NEW HAVEN, Conn. — Former wrestling executive Linda McMahon has donated tens of thousands of dollars to Republican town committees, the state Republican Party and various local candidates while she pursues a seat in the U.S. Senate, according to a review of state election records by The Associated Press.
McMahon, who is making her second bid for Senate this year after falling short in 2010, has contributed about $41,000 since 2009 to more than 70 town committees, grassroots political organizations that appoint delegates to the state convention. She has given $15,000 annually, or $60,000 total, to the state party since 2009, according to Zak Sanders, director of operations for Connecticut Republicans.
The donations to local party committees are legal. Nevertheless, McMahon's contributions, which dwarf those of other candidates, have sparked criticism from opponents that she is trying to buy her way into office.
David King, a lecturer in public policy at Harvard University's Kennedy School of Government, said the donations amount to smart politics.
"It's very wise and not widely done," said David King, a lecturer in public policy at Harvard University's Kennedy School of Government. "That pays off in terms of loyalty and boots on the ground when it comes time to getting folks out to the polls. Favors beget favors. It's uncommon for people to contribute to local party organizations so every little dollar helps and every dollar is remembered."
McMahon, who spent $50 million on her 2010 race, gave about $34,000 in donations to Republican town committees during that election cycle. She has given about $7,000 to 20 Republican town committees during this cycle, in which she is trying to galvanize grassroots support as she faces a potent challenge from former U.S. Rep. Chris Shays for the GOP nomination.
Her campaign says the donations are intended to strengthen the party.
"In the context of giving money for an ad for a Lincoln Day dinner or to a fundraiser, you're helping local candidates get elected," said Corry Bliss, McMahon's campaign manager. "That money is to help local candidates get elected, to help the RTC to be organized, to put out pamphlets, to buy pizza for volunteers. That effort has nothing to do with Linda McMahon or her campaign."
McMahon is running to succeed U.S. Sen. Joe Lieberman, an independent who decided not to seek a fifth term. Shays and two of the three leading Democrats seeking that seat have contributed about $2,400 combined since 2009 to local town committees and other candidates.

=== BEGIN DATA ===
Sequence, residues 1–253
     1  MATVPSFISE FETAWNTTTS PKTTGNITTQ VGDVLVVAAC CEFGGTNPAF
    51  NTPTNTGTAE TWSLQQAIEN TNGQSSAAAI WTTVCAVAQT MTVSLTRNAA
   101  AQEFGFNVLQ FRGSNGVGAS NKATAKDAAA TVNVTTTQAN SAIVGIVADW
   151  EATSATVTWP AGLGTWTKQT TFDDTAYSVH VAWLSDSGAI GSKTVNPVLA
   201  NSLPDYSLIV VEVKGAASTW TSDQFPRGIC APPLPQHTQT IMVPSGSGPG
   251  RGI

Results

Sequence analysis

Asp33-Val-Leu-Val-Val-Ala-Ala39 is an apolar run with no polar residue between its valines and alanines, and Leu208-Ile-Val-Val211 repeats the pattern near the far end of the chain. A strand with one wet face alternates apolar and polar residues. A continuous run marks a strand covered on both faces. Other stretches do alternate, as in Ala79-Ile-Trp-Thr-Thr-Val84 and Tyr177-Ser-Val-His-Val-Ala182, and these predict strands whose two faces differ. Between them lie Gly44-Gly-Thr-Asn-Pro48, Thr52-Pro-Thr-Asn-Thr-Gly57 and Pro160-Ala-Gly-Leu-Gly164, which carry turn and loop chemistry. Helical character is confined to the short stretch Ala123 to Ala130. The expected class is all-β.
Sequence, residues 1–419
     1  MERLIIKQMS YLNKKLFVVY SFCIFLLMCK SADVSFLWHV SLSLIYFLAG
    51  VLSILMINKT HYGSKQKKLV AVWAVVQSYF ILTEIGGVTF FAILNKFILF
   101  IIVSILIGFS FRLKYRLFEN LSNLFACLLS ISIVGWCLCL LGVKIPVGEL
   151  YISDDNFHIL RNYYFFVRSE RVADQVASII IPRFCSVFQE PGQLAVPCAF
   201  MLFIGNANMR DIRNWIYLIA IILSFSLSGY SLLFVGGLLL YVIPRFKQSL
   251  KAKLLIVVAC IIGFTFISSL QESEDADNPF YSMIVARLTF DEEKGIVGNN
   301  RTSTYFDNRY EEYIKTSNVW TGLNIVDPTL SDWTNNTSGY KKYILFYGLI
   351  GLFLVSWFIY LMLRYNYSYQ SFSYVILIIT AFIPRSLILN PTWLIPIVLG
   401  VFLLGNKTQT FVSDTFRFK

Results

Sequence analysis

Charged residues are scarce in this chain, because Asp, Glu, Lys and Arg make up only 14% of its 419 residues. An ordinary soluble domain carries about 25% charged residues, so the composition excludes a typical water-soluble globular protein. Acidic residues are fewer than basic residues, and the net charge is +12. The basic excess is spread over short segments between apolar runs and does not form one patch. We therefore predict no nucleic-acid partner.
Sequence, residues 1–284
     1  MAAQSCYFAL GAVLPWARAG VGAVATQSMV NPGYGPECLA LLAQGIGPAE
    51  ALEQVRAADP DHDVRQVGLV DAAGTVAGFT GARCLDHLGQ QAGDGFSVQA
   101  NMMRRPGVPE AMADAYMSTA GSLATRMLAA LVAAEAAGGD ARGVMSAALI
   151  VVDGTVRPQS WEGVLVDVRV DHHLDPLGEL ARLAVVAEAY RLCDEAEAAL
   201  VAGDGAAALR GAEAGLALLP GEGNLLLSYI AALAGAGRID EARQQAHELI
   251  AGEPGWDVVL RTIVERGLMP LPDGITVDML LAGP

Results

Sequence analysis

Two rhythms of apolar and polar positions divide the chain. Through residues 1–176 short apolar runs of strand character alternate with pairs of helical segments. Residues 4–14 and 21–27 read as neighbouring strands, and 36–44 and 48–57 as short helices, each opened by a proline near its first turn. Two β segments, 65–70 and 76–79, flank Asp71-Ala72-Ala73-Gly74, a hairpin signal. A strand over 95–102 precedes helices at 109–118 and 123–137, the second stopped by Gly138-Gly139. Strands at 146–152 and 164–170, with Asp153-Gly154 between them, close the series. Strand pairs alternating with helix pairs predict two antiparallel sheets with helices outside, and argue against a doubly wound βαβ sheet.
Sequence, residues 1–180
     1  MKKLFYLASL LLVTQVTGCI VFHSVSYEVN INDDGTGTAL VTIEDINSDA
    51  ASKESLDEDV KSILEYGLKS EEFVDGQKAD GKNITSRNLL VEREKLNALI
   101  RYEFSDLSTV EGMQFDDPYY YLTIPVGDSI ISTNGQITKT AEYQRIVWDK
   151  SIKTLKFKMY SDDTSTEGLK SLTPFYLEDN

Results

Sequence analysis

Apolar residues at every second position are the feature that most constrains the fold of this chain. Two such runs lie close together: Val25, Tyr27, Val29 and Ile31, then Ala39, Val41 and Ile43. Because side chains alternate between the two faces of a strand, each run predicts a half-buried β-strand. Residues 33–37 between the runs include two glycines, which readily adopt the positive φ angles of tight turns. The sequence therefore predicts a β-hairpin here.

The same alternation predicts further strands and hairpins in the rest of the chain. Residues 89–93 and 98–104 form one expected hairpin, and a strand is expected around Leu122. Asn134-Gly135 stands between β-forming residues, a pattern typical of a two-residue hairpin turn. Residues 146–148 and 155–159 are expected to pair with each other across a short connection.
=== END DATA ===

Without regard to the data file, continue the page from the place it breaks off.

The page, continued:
State GOP Chairman Jerry Labriola said McMahon has won praise for reviving local parties through her generosity, but some of McMahon's rivals complain she is trying to buy political influence.
One Republican rival, Southbury attorney Kie Westby, posted an online video Monday criticizing McMahon's donations. He said other candidates typically buy tickets to town committee fundraisers, but McMahon's contributions are far wider and "morally wrong."
"I think that the attempt is to buy influence and collect political favors," he said.
Shays said he believes McMahon's contributions are having an effect.
"She lavishes her money on a lot of people and we know it has impact," he said in a written statement. "But it's clear to many delegates that her money can't buy a general election. She lost by 12 points in a Republican year and polls show she's losing by 15 percent this time."
In response, Bliss said Shays' criticism is disingenuous because his campaign is employing at least two state representatives and two RTC chairmen. He said that McMahon's campaign won't employ state lawmakers or RTC officials and that it's offensive to imply that support from town committees can be influenced by a contribution of a few hundred dollars.
Of the more than 100 endorsements from Republican Town Committee leaders advertised by McMahon's campaign, the AP found that slightly less than half of the officials are leaders or former leaders of committees that received donations.
George Gallo, a former state Republican Party chairman, said there were candidates who made such contributions during his time but not to the extent of McMahon. Gallo, who has endorsed McMahon in the primary, said it is good strategy generally to strengthen the Republican infrastructure.
Colleen O'Connor, chairwoman of the West Haven Republican Town Committee, said the committee was happy to receive a $250 donation from McMahon last year but hasn't yet made an endorsement. She said contributions could factor into such decisions for some people.
"It might sway them if they were on the fence," O'Connor said.
Susan Haigh reported from Hartford.